Murdered Hero Lt. Debra Clayton's Family Won't Receive Benefits Other Florida Officers Get

Orlando, FL - The families of Orlando Police Lt. Debra Clayton and Orange County Deputy First Class Norman Lewis will receive vastly different benefits, although both died in an incident involving cop-killer and murderer Markeith Loyd.

Orlando, FL - The families of Orlando Police Lt. Debra Clayton and Orange County Deputy First Class Norman Lewis will receive vastly different benefits, although both died in an incident involving cop-killer and murderer Markeith Loyd.

According to The Orlando Sentinel, Lt. Debra Clayton's family will only receive 60 percent of her annual salary. The family of DFC Norman Lewis will receive 100 percent of his salary. Why the difference? Lt. Clayton, who served 17 years with the Orlando Police Department, was vested in the city's pension plan. Orange DFC Lewis , who served with the Orange County Sheriff's Office since 2005, was vested in the state's pension plan.

A Florida state law that was passed in 2016 allows the spouse or primary beneficiary of a fallen law enforcement officer to receive 100 percent of his or her state pension benefits. The new law only applies to those officers who are vested in the state, which typically include sheriff's office deputies. It does not apply to municipal police officers, who are typically vested into their city's chosen pension plan.

Both Orlando Police Lt. Debra Clayton and Orange County DFC Norman Lewis were killed on January 9, 2017. Lt. Clayton was shot and killed by wanted fugitive Markeith Loyd after a confrontation at the Walmart. DFC Lewis was killed in a traffic collision while looking for Loyd.

Lt. Debra Clayton's sister Rayshawn Shackelford, who is not her named beneficiary, said that she thought the city of Orlando should make up the 40 percent difference. She said that "the city should do anything it can to help the family." While Orlando may not be granting 100% benefits, the city did posthumously promote the fallen hero from the rank of Master Sergeant to Lieutenant, and presumably the associated pay increase would be taken into account before benefits are calculated.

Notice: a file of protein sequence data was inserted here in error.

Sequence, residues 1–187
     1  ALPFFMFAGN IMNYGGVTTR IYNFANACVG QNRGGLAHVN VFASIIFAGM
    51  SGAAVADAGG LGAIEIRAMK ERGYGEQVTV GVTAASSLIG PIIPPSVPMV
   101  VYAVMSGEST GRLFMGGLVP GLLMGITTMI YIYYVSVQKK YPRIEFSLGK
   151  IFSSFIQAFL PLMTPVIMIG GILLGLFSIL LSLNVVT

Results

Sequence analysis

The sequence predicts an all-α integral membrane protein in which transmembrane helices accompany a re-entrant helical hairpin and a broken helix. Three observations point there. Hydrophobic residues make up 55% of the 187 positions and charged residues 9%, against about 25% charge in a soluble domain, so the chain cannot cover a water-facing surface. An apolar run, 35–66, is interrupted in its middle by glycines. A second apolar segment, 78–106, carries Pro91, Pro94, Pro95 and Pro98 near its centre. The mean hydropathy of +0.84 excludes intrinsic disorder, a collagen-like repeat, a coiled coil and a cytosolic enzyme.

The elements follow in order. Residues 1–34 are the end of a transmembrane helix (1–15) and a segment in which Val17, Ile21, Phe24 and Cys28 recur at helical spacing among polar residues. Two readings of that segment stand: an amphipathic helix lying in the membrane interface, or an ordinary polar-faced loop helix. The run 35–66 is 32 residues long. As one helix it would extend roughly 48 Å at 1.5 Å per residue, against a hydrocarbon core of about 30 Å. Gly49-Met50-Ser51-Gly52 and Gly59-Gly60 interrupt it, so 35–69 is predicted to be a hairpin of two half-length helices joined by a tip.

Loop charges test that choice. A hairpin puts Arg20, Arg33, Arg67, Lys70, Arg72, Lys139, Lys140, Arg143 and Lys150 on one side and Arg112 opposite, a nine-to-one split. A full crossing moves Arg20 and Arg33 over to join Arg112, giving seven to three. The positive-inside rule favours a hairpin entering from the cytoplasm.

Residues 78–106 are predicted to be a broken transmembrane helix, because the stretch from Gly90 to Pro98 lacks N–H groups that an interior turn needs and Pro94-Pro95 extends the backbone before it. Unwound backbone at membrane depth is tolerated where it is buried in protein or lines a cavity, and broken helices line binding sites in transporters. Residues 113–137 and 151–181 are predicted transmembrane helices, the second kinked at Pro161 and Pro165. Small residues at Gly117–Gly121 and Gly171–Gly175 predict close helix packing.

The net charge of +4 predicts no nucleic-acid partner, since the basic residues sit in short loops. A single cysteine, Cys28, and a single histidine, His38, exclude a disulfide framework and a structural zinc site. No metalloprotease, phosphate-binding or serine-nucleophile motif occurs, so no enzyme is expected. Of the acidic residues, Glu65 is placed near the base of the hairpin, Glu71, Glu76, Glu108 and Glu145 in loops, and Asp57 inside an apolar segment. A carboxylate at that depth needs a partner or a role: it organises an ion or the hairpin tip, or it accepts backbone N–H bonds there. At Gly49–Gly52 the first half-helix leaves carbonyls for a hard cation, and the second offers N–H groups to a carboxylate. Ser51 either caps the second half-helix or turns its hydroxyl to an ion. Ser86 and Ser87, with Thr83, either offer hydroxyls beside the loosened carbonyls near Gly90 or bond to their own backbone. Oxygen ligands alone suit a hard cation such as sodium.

Matt Puckett, executive director of the Florida Police Benevolent Association (PBA), said that his organization tried to have the new law apply to city pensions as well. He said that the attempt was unsuccessful because of the League of Cities, an organization of the state's cities and municipalities. Puckett said "I think it is unfair. I understand where League of Cities is coming from, but it's really easy to state your position when you aren't talking to a family member of a fallen officer."

Last year's law that was passed is known as the Scott Pine Bill. It was named for Orange County Deputy Scott Pine, who was killed in the line of duty in 2014. When he was killed, there was very little money left for his wife and three young children. The new law allows them to receive his full salary of $40,000 for the rest of his wife's life.

The bill's sponsor, former State Senator Jeremy Ring, said that the bill was never intended to address officers who have city pensions because they are under collective bargaining at the local level. He said that he advocated for the bill because it was the right thing to do but to extend it to city police officers is beyond the scope of the Legislature.

The families of any officer that is killed while on the job can apply for federal and state benefits, including a one-time $340,000 payment from the federal Public Safety Officers' Benefit Act. State benefits vary according to the state, but the state of Florida allows a one-time state benefit of $150,000 for the family of any officer killed in the line of duty.

Our thoughts and prayers continue for the families, both blood and blue, of fallen hero Orlando Police Lt. Debra Clayton and Orange County Deputy First Class Norman Lewis.

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